Reading by age nine is a crucial element of academic and professional success for Alaska’s students. Students who enter fourth grade reading fluently can learn the material; students who do not enter fourth grade reading proficiently rarely catch up to their peers in reading and often struggle with classwork. Only 25 percent of Alaska’s fourth graders were proficient in reading on the 2019 National Assessment of Educational Progress (NAEP) exam.
A strong reading program, beginning in kindergarten and continuing into third grade, is composed of several complementary elements such as identifying and individualizing plans for struggling students, as well as soliciting parental involvement, are critical. However, these factors make little difference if teachers are not using science-based instruction methods. Teachers must be intensively trained and given coaching support to use these methods effectively.
Which methods effectively teach children how to read? The debate rages on, but research from the National Reading Panel supports phonics-based methods. or the idea that certain combinations of letters make certain, predictable sounds – and those sounds form words with meanings. Struggling readers benefit enormously from being explicitly taught letter-sound relationships; systematic phonics instruction has also been found effective in English-language learners and students with disabilities. Phonics also benefits students who begin to decode words without being explicitly taught, as phonics can fill gaps in knowledge of spelling patterns and words that haven’t yet been encountered.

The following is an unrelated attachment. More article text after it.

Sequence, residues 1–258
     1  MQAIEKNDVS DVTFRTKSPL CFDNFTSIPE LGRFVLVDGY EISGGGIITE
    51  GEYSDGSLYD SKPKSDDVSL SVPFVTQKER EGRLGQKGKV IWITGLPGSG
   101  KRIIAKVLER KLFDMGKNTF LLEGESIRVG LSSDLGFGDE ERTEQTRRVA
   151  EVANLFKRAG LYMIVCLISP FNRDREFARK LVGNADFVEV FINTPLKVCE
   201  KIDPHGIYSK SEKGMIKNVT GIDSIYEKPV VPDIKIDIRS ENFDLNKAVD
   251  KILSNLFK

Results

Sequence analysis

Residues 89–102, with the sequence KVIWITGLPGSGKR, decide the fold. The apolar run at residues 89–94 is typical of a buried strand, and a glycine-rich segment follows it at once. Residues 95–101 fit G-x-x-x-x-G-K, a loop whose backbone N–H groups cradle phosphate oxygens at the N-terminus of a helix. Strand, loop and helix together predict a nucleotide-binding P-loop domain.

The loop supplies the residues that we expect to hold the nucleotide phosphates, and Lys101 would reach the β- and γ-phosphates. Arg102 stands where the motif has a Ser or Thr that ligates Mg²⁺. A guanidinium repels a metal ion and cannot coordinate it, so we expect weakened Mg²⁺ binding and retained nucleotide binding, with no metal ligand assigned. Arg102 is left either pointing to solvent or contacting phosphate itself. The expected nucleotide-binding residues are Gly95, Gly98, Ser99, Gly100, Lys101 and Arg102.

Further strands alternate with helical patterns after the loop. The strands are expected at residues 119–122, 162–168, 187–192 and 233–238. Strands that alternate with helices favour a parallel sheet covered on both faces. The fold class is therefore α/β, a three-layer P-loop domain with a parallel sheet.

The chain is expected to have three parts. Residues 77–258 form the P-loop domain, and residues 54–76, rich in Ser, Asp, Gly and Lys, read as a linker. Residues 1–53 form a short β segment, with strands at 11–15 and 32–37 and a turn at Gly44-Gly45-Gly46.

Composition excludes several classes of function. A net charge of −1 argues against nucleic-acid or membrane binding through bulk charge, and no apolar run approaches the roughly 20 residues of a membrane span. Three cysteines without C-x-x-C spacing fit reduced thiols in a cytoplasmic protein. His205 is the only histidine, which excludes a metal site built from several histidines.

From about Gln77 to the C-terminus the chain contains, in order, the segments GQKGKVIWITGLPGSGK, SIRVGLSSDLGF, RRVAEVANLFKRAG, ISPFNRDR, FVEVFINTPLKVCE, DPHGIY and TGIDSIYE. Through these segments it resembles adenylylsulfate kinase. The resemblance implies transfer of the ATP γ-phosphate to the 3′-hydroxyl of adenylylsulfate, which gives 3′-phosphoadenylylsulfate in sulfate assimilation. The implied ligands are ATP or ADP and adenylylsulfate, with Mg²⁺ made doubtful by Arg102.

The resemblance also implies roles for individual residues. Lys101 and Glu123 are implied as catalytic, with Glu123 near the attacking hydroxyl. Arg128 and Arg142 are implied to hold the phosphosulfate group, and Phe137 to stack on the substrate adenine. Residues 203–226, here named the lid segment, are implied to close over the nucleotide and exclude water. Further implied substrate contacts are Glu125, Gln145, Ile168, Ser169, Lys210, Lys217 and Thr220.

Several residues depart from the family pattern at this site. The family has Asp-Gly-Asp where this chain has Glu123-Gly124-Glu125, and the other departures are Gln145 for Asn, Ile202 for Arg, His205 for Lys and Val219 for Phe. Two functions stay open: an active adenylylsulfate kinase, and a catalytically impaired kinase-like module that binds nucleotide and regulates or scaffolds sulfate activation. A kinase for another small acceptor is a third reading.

Although phonics is certainly not all-encompassing, grammar, background knowledge, and vocabulary cannot lead to comprehension unless children can reliably decode the words on the page. It cannot be assumed that all teachers’ college educations delved deeply into the science of reading; intensive training is necessary, as Mississippi shows.
Mississippi’s Literacy-Based Promotion Act, passed in 2013, employs several strategies such as intervention and parental involvement. The pivotal component for teachers is the Language Essentials for Teaching Reading and Spelling (LETRS) training, which trained all K-3 teachers during the 2014-2015 school year. LETRS trains teachers over eight units in the fundamentals of instruction, focusing on “phonological awareness, phonics, fluency, vocabulary, and comprehension.” LETRS is improving the quality of literacy instruction in Mississippi, according to a 2017 study examining the impact and outcomes. Among the state’s identified literacy support schools, instructional quality, student engagement, and teaching competencies increased.
Reading is an indispensable component of academic and professional success. An effective reading policy to help children read by age nine should include early testing, individualized reading plans, parental involvement, and intensive teacher training. Training teachers in science-based methods and providing them with support to implement these methods is critical to helping Alaska’s students succeed.